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Hoffmann, R. A wiki for the life sciences where authorship matters. Nature Genetics (2008)

ATP and purinergic receptor-dependent membrane traffic in bladder umbrella cells.

The umbrella cells that line the bladder are mechanosensitive, and bladder filling increases the apical surface area of these cells; however, the upstream signals that regulate this process are unknown. Increased pressure stimulated ATP release from the isolated uroepithelium of rabbit bladders, which was blocked by inhibitors of vesicular transport, connexin hemichannels, ABC protein family members, and nucleoside transporters. Pressure-induced increases in membrane capacitance (a measure of apical plasma membrane surface area where 1 microF approximately equals 1 cm2) were inhibited by the serosal, but not mucosal, addition of apyrase or the purinergic receptor antagonist PPADS. Upon addition of purinergic receptor agonists, increased capacitance was observed even in the absence of pressure. Moreover, knockout mice lacking expression of P2X2 and/or P2X3 receptors failed to show increases in apical surface area when exposed to hydrostatic pressure. Treatments that prevented release of Ca2+ from intracellular stores or activation of PKA blocked ATPgammaS-stimulated changes in capacitance. These results indicate that increased hydrostatic pressure stimulates release of ATP from the uroepithelium and that upon binding to P2X and possibly P2Y receptors on the umbrella cell, downstream Ca2+ and PKA second messenger cascades may act to stimulate membrane insertion at the apical pole of these cells.[1]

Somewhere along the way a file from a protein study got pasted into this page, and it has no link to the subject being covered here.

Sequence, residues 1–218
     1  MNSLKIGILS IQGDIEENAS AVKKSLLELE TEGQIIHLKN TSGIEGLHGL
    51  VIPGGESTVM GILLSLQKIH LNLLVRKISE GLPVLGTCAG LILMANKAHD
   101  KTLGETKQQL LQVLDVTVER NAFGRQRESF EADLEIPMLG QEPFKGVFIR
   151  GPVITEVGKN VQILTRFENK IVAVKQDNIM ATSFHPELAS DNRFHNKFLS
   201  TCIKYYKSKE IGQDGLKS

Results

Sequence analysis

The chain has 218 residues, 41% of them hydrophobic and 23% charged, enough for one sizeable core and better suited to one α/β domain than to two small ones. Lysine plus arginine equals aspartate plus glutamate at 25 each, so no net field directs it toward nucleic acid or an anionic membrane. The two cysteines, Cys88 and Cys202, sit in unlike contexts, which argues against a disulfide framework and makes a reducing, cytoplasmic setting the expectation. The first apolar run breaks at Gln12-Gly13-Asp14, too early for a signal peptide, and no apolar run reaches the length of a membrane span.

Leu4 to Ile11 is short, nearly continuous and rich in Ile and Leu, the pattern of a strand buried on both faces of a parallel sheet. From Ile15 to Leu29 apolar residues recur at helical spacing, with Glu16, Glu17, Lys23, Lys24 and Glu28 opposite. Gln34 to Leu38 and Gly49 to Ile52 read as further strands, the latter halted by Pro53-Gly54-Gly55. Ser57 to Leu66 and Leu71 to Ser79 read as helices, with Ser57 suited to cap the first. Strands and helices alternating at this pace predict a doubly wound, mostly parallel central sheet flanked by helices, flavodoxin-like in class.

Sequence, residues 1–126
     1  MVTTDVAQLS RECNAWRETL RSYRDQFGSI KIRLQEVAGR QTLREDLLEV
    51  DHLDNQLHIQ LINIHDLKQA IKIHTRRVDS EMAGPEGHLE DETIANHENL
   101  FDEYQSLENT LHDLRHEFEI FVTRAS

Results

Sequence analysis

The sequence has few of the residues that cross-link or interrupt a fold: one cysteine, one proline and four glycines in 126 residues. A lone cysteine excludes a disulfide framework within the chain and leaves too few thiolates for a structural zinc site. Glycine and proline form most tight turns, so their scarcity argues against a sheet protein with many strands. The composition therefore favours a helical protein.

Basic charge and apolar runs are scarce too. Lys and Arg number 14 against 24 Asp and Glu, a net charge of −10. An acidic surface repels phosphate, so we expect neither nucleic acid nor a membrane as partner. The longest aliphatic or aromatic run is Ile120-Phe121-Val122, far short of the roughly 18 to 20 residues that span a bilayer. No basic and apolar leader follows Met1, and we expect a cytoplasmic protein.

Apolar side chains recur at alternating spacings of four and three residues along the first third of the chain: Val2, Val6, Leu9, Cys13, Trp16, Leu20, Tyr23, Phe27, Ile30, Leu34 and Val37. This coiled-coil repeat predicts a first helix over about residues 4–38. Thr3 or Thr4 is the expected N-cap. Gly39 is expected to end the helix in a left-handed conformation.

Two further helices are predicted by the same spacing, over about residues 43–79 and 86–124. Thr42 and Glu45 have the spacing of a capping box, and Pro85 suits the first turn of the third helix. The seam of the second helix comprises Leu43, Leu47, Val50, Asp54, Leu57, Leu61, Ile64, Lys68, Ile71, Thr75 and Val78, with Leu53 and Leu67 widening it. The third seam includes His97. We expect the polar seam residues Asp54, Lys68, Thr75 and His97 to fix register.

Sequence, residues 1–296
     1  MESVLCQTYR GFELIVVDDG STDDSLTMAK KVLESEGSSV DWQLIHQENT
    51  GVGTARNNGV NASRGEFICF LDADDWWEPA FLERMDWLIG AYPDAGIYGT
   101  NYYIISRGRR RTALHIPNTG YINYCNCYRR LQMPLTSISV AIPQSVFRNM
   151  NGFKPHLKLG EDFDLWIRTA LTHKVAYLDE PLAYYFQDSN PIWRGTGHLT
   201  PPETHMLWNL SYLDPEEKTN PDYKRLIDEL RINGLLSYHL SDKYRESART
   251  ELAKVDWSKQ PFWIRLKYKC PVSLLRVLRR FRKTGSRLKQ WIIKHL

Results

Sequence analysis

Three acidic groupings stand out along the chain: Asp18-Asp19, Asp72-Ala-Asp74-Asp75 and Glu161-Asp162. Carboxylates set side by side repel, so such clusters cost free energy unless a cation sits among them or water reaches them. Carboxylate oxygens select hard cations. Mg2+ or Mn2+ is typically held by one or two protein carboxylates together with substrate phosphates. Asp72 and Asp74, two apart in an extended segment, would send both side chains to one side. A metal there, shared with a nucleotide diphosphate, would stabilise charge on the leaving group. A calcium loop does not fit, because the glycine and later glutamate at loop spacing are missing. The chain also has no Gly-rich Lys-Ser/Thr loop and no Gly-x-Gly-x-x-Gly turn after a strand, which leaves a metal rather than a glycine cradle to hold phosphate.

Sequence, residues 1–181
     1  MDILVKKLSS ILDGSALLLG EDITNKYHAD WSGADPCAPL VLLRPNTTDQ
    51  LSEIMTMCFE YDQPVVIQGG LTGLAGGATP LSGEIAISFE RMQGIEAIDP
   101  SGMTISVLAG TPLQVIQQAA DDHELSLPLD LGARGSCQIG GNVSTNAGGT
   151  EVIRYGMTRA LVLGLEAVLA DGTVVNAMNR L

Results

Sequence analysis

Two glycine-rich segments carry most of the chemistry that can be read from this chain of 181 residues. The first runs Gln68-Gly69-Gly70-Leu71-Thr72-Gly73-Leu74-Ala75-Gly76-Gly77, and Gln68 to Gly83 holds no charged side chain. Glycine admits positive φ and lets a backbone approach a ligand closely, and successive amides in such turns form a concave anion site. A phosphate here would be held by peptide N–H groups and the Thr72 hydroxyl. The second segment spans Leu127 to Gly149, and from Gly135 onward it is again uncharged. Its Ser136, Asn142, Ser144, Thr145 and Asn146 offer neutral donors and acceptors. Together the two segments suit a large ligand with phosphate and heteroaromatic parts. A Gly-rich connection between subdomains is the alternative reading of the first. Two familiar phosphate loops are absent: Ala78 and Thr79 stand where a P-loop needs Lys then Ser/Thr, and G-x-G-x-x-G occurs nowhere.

1. ATP and purinergic receptor-dependent membrane traffic in bladder umbrella cells. Wang, E.C., Lee, J.M., Ruiz, W.G., Balestreire, E.M., von Bodungen, M., Barrick, S., Cockayne, D.A., Birder, L.A., Apodaca, G. J. Clin. Invest. (2005) [Pubmed]
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